“Scramble Fighters! Chaos has broken out on the edge of the Galaxy. A diabolical power has begun construction of a powerful sun laser. You are the Shadow Squadron’s newest fighter jock and the fate and hope of the federation rest in your hands. Destroy the Sun Laser or face the FIRE!!!”

Is a Sun Laser anything like a Death Star?

Anyway, on to actual gameplay. All ships have lasers in the game, but depending on the ship you choose you get a different type of torpedo. You also get an energy shield you can turn on to protect against taking damage, but also drains your power. Run out, and no shields. There’s mainly just two enemies: your standard fighters which are speedy but don’t take many hits, and the carriers, slow moving but they can rain on the damage to your craft. Those are the primary differences between this game and Star Wars Arcade. As you can see, its more of an enhancement to the first game, but still the changes make this game feel a lot deeper and even more fun than its predecessor.

I don’t even remember how I got this game, likely in an eBay lot. After reading about it every so often, I finally got around to popping it in and discovering its a fun, albeit hard, romp of a sci-fi shooter. And the best part is that its still fairly cheap! You can get a copy of this a lot cheaper than you can of other 32X titles like Chaotix or Kolibri. As of this writing, on eBay you can buy it now for 2.99! That’s a steal for any 32X owner that’s looking for an excuse to fire it back up for some good old-fashioned arcade style 3D shooting.

Back to the Future Part III By Nick Mclean

I’ll admit it, I’m a bit of a masochist. I love it when chicks hit me, and often find myself saying and doing things on purpose to provoke a slap from the more aggressive chicks I know. They know I like it, and they enjoy the feeling of power (I assume). But it never really goes past that. There are no whips in the bedroom and no handcuffs to be found. I do however own a copy of Back to the Future Part III for the Genesis. Evidently my experiments in S&M have begun to get more serious, as this month I sat down and not only played Back to the Future Part III, I played it until I beat it while wearing a Kooza mask. That’s pretty freakin’ weird, even for me.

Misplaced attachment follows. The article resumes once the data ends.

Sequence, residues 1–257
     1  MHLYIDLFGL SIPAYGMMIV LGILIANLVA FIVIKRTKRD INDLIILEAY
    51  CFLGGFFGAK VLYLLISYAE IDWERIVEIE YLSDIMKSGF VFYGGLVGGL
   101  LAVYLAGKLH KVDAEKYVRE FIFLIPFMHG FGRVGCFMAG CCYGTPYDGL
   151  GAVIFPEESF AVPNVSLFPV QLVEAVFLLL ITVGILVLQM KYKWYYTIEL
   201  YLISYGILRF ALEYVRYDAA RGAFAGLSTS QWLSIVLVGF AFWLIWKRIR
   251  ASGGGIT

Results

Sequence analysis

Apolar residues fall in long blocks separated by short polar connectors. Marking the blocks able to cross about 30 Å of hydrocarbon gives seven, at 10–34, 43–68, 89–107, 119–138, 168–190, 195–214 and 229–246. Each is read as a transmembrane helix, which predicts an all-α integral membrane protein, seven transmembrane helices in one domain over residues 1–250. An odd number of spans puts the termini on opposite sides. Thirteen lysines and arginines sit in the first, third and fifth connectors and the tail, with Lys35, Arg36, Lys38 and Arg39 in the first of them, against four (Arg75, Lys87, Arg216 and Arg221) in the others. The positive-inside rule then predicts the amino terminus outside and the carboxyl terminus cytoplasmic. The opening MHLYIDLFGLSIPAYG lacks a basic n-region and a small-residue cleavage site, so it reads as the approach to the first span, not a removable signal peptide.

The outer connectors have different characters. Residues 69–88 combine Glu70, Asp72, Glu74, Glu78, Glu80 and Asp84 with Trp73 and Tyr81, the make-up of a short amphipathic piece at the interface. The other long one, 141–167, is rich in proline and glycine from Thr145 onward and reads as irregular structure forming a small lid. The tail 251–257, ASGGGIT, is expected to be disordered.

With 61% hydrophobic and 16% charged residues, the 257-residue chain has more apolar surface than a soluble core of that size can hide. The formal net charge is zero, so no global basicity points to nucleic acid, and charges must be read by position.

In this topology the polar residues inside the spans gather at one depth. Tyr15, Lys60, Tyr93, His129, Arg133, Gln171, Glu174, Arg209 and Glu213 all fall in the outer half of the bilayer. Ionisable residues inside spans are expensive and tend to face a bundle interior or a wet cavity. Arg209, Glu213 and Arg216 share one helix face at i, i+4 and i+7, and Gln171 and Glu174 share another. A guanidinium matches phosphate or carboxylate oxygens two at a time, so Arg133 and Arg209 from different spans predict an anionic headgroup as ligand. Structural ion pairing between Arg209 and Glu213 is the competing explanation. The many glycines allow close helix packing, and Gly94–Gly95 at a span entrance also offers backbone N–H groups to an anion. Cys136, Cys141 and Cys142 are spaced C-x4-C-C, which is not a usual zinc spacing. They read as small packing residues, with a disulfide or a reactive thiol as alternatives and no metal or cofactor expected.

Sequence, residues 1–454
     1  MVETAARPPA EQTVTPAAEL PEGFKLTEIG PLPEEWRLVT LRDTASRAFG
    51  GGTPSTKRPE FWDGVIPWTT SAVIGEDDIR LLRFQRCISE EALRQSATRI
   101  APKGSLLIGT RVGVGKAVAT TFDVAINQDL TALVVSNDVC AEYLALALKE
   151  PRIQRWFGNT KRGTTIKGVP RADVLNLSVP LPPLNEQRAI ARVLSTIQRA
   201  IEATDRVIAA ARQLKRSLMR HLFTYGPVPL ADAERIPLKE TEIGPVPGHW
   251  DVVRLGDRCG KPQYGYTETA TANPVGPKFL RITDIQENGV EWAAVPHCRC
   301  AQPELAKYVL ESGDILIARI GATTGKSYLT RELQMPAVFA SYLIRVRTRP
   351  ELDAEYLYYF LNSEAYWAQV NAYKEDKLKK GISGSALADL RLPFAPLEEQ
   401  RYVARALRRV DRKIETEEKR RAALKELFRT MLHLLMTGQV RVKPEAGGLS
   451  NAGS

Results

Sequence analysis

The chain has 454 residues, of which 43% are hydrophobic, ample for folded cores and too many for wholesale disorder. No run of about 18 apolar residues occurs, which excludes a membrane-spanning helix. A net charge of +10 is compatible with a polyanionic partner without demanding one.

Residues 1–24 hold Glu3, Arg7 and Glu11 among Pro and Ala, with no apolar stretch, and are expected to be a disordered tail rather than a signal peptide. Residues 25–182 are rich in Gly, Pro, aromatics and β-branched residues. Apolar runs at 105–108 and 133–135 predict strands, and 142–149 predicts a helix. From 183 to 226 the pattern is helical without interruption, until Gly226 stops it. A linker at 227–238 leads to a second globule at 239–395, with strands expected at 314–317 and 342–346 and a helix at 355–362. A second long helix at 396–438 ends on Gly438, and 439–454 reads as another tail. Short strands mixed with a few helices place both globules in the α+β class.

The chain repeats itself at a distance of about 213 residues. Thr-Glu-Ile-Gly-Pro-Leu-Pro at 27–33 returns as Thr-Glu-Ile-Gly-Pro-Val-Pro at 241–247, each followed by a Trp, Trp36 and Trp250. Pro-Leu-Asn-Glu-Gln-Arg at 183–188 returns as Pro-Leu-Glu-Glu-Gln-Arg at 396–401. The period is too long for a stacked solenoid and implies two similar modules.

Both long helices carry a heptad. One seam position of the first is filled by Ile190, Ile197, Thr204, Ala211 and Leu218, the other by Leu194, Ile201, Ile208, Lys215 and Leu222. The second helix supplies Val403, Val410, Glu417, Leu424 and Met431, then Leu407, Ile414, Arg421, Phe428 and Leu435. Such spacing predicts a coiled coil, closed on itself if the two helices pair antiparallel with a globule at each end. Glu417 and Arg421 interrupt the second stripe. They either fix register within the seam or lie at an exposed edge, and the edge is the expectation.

It all began as I was showing a colleague horrible games and of course, BttF Part III was my shining example. It only ever hit my Genny once to make sure it worked as I got it in a garage sale lot. Next thing you know I was sucked in. Determined to beat that first level, I would not stop for anything. All of a sudden, I’m getting shot in the back, cactus are flying out of nowhere and killing me and boulders that are impossible to dodge are taking me out. And the game is making fun of me.

We’ve got to get her this time Marty! No kidding. They wrote in cheeky lines to make fun of how horrible you are doing at this game. After about fifty times Clara Clayton starts to yell things like “I wish I was Mary Poppins” as she flies into the ravine.

Eventually I figured out how to duck and take out the guys on horses shooting you from the hip from behind. Then I figured out how to time my shots to kill the birds properly, and by then I basically memorized the level. Except that damn boulder that is literally impossible to dodge. Having given up, I turned the console off and murmured something about NBA Jam and went to sleep.

The next day I was back at it, only this time… what’s this? The boulder no longer hits me. That’s right, the game is coded so badly there are variables that can be unavoidable. You have to turn your console off and back on if it is in a pissy mood and giving you an impossible game.